And yeah, there's a gift certificate involved, but man, it's not about the money. It's about the fun. One of the reasons I started this blog is because I wanted to participate in the Fights every week. It's fun to show off your love for comics, and for audacious fight sequences.

So when you go to vote for the winner each week, don't just vote--leave a comment in the forum discussing the why of your vote. If you participate all 12 weeks of voting, you're entered into a contest to win 20 bucks.

And don't be shy--if you're a regular here, you've probably got some comic books, and maybe have access to a scanner. Do your own Fight, and join in the the fun!!

On with the Fight!!

You know, there are some characters so ridiculously popular, who are popular because they're total badasses...except we never, ever get to see the actual consequences of said badassery. Except this time.

Scene: while being attacked by a trio of lame and forgettable villains, the Human Torch accidentally lost control and unleashed his "nova" heat, destroying a good portion of the ESU campus. Oops.

Now he's in hiding. And for reasons that are never clear (except to set up a new series(!)), Doctor Strange decides to get involved, summoning the "Secret Defenders" to track down the Torch and capture him. And these "defenders" just happen to be the same folks who made up the infamous "New Fantastic Four" for a few issues a couple of years earlier: Spider-Man, Hulk, Wolverine, and Ghost Rider.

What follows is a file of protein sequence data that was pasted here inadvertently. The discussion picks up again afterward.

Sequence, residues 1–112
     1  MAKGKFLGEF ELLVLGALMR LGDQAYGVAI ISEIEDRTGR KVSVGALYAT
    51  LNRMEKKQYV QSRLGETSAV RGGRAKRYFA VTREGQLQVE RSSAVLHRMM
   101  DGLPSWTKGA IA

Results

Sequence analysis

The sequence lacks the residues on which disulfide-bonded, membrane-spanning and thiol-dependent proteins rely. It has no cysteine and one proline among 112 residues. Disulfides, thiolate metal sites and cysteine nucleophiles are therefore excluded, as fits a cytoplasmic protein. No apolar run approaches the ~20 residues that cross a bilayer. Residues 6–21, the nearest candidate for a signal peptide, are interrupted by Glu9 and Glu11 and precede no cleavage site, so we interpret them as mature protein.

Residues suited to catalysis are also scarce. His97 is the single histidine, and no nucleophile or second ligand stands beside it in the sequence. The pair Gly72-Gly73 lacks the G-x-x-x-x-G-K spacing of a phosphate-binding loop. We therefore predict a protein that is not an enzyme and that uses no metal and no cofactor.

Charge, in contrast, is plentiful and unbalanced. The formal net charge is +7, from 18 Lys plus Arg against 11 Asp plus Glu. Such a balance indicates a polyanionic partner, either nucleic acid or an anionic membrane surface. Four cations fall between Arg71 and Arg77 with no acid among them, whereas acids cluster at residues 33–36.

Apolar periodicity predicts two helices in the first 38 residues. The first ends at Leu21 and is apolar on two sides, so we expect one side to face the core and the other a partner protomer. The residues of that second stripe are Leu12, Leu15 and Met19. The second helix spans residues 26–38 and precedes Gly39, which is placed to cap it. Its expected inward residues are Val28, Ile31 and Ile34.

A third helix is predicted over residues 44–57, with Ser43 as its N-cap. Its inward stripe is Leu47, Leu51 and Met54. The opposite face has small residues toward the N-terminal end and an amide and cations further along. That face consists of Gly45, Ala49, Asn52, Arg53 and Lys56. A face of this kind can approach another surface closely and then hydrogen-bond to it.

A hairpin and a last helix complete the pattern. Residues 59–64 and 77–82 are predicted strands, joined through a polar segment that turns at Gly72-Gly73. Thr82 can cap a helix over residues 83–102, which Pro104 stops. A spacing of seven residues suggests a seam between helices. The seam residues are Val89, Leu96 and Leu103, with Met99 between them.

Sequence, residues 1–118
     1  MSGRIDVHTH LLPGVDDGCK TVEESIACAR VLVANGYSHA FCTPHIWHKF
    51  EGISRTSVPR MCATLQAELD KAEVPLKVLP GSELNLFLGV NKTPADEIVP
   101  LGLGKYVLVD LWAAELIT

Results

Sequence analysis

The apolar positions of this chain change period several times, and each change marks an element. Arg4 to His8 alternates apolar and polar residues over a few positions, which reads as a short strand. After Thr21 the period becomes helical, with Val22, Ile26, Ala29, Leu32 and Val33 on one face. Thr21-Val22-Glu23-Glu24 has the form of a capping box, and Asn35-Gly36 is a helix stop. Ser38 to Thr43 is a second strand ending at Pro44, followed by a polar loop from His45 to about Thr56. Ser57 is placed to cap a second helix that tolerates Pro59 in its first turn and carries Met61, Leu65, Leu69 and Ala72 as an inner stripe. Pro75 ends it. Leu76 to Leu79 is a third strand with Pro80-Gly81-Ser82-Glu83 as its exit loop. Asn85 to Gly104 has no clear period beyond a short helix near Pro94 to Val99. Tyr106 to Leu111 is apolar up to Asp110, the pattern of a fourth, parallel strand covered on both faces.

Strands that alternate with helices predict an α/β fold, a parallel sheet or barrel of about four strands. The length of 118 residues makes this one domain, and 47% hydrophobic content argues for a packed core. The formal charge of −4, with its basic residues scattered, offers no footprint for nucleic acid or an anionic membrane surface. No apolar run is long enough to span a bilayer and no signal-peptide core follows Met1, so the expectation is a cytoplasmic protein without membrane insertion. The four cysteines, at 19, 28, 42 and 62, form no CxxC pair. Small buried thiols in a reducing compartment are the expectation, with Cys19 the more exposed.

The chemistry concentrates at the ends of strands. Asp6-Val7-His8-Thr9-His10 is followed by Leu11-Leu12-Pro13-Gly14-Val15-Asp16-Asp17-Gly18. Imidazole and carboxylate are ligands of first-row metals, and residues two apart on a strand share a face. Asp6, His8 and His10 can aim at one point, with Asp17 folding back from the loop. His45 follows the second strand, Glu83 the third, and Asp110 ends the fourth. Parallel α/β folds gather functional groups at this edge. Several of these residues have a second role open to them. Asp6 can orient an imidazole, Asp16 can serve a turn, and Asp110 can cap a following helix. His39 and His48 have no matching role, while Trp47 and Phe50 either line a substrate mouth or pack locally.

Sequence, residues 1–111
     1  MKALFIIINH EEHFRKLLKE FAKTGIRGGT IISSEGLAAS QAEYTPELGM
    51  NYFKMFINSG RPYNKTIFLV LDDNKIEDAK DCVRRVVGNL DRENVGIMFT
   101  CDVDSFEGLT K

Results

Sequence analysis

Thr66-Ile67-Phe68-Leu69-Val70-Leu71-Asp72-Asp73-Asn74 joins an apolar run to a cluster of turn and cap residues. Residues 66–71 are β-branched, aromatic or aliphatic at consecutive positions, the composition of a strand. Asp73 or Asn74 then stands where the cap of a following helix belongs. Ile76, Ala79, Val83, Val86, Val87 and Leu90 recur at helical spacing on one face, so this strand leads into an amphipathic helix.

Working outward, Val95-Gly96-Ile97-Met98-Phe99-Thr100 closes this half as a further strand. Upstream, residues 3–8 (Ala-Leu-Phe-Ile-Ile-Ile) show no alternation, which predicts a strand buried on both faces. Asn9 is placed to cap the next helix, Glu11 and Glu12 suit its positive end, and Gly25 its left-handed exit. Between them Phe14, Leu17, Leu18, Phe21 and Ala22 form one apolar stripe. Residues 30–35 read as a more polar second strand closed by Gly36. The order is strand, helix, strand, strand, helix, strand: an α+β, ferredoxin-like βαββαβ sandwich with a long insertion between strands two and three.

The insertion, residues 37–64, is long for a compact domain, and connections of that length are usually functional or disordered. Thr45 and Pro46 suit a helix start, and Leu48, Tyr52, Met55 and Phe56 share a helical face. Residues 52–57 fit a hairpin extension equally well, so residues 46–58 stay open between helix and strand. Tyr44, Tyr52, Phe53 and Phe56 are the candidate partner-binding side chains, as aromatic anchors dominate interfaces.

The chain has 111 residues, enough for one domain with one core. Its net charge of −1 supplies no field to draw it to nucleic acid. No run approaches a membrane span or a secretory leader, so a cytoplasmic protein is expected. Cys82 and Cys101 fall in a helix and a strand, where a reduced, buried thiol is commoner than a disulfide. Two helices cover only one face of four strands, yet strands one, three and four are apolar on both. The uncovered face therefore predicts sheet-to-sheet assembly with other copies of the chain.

So the Double Secret Probation Defenders confront Johnny...

And that's exactly when the real FF, along with "Ms. Marvel" Sharon Ventura, show up:

And the fracas is on.

But for our purposes, tonight we're going to focus on feisty old Logan, Wolverine, everybody's favorite uncontrollable ball of rage. Spoiler alert: Wolverine's going to be having a bad day.

First Reed Richards teaches him a thing or two:

Then the Invisible Woman knocks him around:

And then Ben Grimm steps in:

Uh...wait...Wolverine just mauled a good guy? I mean, actually severely injured him? Yup. The consequences?

BOOM! Bye, bye, Logan.

I've been critical of Tom DeFalco's run on Fantastic Four before. So it's only fair that I give him some props here.

For years, Marvel writers tried to have it both ways with Wolverine: he's a mean, mean dude who's prone to "uncontrollable beserker rages" and is constantly getting into fracases with friends and allies. Yet no one ever really got hurt, and he was still portrayed as cute and cuddly and he said "Bub" and he was considered a good role model for Kitty Pryde and other children.

But for this one story, DeFalco called out that hypocrisy--if you're going to have a psycho who has trouble controlling himself and is, at the same time, an incredibly dangerous weapon, someone IS going to get hurt, badly. It's inevitable.

After 20 years of people unrealistically walking away from "scuffles" without so much as a scratch from those razor-sharp adamantium claws, someone finally got hurt--badly--and this time it was one of Marvel's first and greatest heroes. And he wasn't under mind-control, or possessed by the Brood Queen, or one of a million other excuses. He just lost it during a skirmish, and people got hurt.

How badly was Benjy mauled?

And after getting his face even more pummeled in a subsequent battle, the Thing decided to go with a helmet for the next year or so:

So, praises to Tom DeFalco, Paul Ryan, and Danny Bulandi in Fantastic Four #374 (1993)(the last two panels are from the following issue, #375). For one brief moment, someone at Marvel actually dared to say, "Hey, maybe Wolverine isn't so cute and cuddly after all...maybe he's actually more dangerous to his friends than their enemies." For once, someone actually looked and realized that, given the characterization of Wolverine, it was inevitable that someone that someone would get seriously injured.